The Limits of Econometrics, and Roots of Modern Applied Micro

I just stumbled upon this article by David Freedman, published post-mortem.  A lot of this looks familiar to me: you can find pieces of it in David Freedman's book, Statistical Models, Theory and Practice, which I highly recommend.

Perhaps I've blogged about this before, but I rather suspect that David Freedman's critical writings on use and misuse of regression analysis formed the basis of so-called "applied micro," which grew out of Princeton University, and the work of Ashenfelter, Card, Krueger, Angrist and others.  An occasional citation will clue careful readers to this connection, particularly the teaching of natural experiments, and David Freedman's canonical example:  Snow on Cholera.  Some modern references to Snow refer to Freedman; many do not.  But I'm pretty sure it was in fact Freedman who dug this seminal work out of the dustbin of history and used it to inspire invigorated new empiricism that searches for natural experiments and rigorously tests maintained assumptions in regression models of observational data.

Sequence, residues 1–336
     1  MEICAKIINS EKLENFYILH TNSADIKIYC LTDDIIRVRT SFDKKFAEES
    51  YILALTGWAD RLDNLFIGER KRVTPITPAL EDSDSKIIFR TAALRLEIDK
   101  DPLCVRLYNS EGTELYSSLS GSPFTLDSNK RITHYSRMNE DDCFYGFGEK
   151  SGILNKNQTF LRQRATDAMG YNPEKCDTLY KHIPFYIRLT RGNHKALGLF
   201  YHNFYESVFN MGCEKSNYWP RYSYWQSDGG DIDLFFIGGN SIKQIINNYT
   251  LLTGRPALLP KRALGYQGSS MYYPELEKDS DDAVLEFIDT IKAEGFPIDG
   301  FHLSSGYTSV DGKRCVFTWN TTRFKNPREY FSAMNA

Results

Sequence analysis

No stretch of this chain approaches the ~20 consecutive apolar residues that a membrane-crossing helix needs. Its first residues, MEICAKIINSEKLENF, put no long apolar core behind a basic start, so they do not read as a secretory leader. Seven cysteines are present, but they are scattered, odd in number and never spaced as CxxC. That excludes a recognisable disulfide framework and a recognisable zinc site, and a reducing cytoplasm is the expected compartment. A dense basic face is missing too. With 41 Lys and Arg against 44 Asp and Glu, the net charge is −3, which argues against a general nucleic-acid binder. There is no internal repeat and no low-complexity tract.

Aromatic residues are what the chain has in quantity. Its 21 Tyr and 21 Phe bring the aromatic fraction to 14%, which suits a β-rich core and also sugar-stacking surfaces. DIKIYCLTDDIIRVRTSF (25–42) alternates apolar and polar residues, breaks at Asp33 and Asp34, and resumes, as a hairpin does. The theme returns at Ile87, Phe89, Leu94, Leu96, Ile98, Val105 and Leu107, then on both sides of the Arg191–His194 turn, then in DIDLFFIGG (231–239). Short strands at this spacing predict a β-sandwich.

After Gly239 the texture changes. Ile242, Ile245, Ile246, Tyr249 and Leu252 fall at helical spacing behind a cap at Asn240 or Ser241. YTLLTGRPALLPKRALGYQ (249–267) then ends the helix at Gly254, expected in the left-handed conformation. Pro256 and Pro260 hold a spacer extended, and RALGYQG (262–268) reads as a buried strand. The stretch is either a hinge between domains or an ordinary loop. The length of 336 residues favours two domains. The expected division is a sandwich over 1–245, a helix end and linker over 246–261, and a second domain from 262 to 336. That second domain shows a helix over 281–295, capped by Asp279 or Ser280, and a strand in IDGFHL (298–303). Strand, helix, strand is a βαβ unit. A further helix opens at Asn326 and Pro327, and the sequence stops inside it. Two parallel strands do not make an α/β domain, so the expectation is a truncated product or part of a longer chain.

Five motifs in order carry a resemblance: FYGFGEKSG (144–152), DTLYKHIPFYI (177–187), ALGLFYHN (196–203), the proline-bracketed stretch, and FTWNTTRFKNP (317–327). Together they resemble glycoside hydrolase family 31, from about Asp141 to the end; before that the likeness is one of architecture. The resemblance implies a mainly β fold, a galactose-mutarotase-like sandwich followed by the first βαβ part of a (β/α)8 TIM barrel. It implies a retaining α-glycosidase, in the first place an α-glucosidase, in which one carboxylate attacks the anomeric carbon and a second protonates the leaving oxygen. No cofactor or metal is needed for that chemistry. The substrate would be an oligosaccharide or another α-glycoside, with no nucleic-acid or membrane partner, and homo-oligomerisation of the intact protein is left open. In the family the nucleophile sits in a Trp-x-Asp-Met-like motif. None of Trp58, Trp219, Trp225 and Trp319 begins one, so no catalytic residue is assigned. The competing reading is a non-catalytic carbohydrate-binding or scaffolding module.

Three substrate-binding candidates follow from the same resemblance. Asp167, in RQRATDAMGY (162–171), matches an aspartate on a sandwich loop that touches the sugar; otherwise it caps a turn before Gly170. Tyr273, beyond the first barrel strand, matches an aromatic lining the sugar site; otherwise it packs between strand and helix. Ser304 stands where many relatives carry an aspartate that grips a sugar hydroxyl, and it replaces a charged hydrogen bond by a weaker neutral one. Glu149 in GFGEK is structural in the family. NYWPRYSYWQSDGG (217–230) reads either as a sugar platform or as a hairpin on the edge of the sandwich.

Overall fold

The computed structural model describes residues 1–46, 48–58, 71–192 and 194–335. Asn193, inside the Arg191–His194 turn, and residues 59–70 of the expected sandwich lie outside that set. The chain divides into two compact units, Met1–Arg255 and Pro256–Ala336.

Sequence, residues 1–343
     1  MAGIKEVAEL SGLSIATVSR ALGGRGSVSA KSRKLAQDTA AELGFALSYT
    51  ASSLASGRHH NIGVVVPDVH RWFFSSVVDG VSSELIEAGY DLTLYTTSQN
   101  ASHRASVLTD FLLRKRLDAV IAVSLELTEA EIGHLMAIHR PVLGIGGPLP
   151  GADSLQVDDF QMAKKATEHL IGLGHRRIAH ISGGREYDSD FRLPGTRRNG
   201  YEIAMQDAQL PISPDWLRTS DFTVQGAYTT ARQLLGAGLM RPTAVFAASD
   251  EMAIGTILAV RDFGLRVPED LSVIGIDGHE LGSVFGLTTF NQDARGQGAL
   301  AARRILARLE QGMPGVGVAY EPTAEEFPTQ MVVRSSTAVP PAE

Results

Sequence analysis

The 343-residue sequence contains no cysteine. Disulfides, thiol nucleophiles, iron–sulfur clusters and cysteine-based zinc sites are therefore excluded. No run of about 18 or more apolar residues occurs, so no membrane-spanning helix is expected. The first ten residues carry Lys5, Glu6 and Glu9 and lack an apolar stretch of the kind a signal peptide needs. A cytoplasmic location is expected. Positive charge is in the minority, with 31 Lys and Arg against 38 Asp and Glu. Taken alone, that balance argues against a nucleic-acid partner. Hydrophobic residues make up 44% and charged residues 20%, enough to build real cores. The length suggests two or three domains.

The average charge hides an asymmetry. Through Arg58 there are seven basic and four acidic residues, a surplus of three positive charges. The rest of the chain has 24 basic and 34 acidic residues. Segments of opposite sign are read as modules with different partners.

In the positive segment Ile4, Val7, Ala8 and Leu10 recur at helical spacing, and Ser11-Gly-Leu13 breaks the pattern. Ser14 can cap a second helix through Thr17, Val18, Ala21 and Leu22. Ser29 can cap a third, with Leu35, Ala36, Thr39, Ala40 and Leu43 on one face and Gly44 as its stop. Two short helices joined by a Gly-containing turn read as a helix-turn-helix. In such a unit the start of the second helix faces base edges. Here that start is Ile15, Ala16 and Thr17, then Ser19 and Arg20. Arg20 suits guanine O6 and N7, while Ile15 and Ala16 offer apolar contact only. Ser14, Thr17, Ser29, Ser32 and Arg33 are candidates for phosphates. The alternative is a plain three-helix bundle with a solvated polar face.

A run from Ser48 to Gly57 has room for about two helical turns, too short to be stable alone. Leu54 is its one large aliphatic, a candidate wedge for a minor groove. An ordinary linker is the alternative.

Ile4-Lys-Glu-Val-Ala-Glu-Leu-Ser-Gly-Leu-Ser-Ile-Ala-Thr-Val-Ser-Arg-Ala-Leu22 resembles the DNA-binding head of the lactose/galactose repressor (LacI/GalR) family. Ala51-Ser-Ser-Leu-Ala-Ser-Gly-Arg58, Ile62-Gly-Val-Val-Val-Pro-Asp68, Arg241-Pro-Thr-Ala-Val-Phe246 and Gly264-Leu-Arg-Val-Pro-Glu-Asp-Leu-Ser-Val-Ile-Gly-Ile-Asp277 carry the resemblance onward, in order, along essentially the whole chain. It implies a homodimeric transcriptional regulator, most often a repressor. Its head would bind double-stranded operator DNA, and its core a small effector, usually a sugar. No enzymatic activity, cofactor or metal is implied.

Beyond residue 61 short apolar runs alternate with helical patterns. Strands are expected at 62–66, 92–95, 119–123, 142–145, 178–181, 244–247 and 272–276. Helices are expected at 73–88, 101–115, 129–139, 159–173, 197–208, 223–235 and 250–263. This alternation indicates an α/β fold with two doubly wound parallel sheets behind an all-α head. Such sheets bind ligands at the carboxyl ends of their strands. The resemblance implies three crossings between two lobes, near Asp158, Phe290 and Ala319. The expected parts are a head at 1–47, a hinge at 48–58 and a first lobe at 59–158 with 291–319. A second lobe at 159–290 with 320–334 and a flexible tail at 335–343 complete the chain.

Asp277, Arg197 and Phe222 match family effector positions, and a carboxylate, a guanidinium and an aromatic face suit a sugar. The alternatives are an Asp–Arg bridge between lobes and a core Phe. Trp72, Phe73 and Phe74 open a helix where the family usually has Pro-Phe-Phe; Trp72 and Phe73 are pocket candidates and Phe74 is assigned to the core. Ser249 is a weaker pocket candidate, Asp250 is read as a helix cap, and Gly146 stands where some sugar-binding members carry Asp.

The one thing about Freedman that can be a little frustrating is his terseness.  There's a lot he doesn't say but only implies.  Still, he says enough to lay bear the nakedness of the heroic assumptions made in much applied econometrics.  The sins remain plentiful, even among his descendants who practice applied micro today.

Nevertheless, I think empiricism today is much better than it was twenty years ago.  I think David Freedman deserves much of the credit for that.  And I think he's still worth reading and re-reading, if we want to improve honesty in applied econometrics.


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